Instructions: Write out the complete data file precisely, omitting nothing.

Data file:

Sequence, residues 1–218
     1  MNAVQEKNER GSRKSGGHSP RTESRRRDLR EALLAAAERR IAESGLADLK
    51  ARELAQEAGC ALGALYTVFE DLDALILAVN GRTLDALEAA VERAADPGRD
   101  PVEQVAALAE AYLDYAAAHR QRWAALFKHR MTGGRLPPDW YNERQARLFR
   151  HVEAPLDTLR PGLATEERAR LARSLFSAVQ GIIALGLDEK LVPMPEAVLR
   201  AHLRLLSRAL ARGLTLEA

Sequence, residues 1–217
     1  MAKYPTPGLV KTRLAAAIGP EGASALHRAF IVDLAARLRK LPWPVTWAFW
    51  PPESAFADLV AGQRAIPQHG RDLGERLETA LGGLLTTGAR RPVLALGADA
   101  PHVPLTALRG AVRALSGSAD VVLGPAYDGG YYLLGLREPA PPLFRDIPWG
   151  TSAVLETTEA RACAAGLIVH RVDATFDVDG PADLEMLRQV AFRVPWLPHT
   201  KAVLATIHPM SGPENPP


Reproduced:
Sequence, residues 1–218
     1  MNAVQEKNER GSRKSGGHSP RTESRRRDLR EALLAAAERR IAESGLADLK
    51  ARELAQEAGC ALGALYTVFE DLDALILAVN GRTLDALEAA VERAADPGRD
   101  PVEQVAALAE AYLDYAAAHR QRWAALFKHR MTGGRLPPDW YNERQARLFR
   151  HVEAPLDTLR PGLATEERAR LARSLFSAVQ GIIALGLDEK LVPMPEAVLR
   201  AHLRLLSRAL ARGLTLEA

Sequence, residues 1–217
     1  MAKYPTPGLV KTRLAAAIGP EGASALHRAF IVDLAARLRK LPWPVTWAFW
    51  PPESAFADLV AGQRAIPQHG RDLGERLETA LGGLLTTGAR RPVLALGADA
   101  PHVPLTALRG AVRALSGSAD VVLGPAYDGG YYLLGLREPA PPLFRDIPWG
   151  TSAVLETTEA RACAAGLIVH RVDATFDVDG PADLEMLRQV AFRVPWLPHT
   201  KAVLATIHPM SGPENPP